Cluster of Golden Orb spiders: Finally after four years!!

I think I am coming to the conclusion that I am really bad at doing things I want to do.

For four years I have been driving past this sign post just out of Waroona on the right hand side (going towards Bunbury) of the road where there is the large colony of spiders—which I think are Golden Orb spiders. These spiders have been there for the four years I have been going back and forth on that road. During that time they have weathered a couple of severe storms but have rebuilt.

For four years I have been telling myself “one day I am going to actually stop and take some pictures of that” but I have never managed to execute that promise.

Well last week I had to come back from site mid-week to bring my son back (he was heavy with this ‘super’ flu that is going around Perth at the moment) and we actually stopped to photograph this colony of spiders. Technically we overshot it and then we decided to do a U-turn and go back.

Now I will be the first to say there is not much that is artistic about these pictures but, even so, I decided to post them up.

The entire colony is suspended between the road sign and the adjoining fence. Each of the pictures below is only showing a small part of the complete web fabric. I would estimate that there would have been about 50 spiders in the web complex.


The web seems to be constructed between the sign post and the fence in vertical layers. The following picture was taken to try and show these layers. The webs go from the road sign in the foreground to the fence. This would be a distance of about three metres.

Going from left to right, notice how the webs seem to be in vertical layers. So before the post of the road sign there are two clearly defined vertical layers, and you can pick out these layers again coming from the right of the picture.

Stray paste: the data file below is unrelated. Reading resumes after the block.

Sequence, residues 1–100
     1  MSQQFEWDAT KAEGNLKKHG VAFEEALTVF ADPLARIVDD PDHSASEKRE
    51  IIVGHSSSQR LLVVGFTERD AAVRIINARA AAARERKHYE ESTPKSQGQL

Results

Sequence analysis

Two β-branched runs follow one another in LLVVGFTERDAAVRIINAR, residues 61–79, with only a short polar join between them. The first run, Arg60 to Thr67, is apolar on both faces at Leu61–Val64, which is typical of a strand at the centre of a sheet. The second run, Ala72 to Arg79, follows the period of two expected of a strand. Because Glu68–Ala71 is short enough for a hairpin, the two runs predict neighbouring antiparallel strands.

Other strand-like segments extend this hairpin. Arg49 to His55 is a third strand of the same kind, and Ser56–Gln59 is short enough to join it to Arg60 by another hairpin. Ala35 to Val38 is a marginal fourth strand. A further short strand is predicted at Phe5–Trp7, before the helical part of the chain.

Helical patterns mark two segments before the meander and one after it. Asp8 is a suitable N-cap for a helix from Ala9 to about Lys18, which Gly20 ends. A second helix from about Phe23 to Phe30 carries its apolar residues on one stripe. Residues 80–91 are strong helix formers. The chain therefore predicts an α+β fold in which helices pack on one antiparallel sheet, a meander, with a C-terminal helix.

The following picture is of another part of the colony taken from closer to the fence and looking up. I am trying to give a better idea of how many spiders are sharing this location but it is really tricking to photograph due to the backgrounds.


Finally, following is a close-up of one of the spiders. I understand that the ‘large’ spiders are the females and the much smaller ones—about a quarter down to an eighth of the size—are the males. In the picture below I am assuming that the much smaller spider you can see in the top third slightly off centre to the right is the male.


These pictures were taken with my new K-3, and just to show off a bit, the picture above has been cropped out of the following picture. How amazing is that resolution and detail retention. You can see the hairs on her legs and she has been cropped out of section that is about 1/20th of the frame (as a rough estimate).


I could be wrong about these being golden orb spiders but it is about the closest match I could find on the Internet. If I am wrong then I would like to know what spiders these are so please leave a comment and let me know.

According to Wikipedia the golden orb spider’s venom is not toxic to humans but the bite site is likely to leave a lasting scar. In some people the venom may cause an allergic reaction including muscle cramps.

They look fierce and I certainly don’t fancy be bitten by one.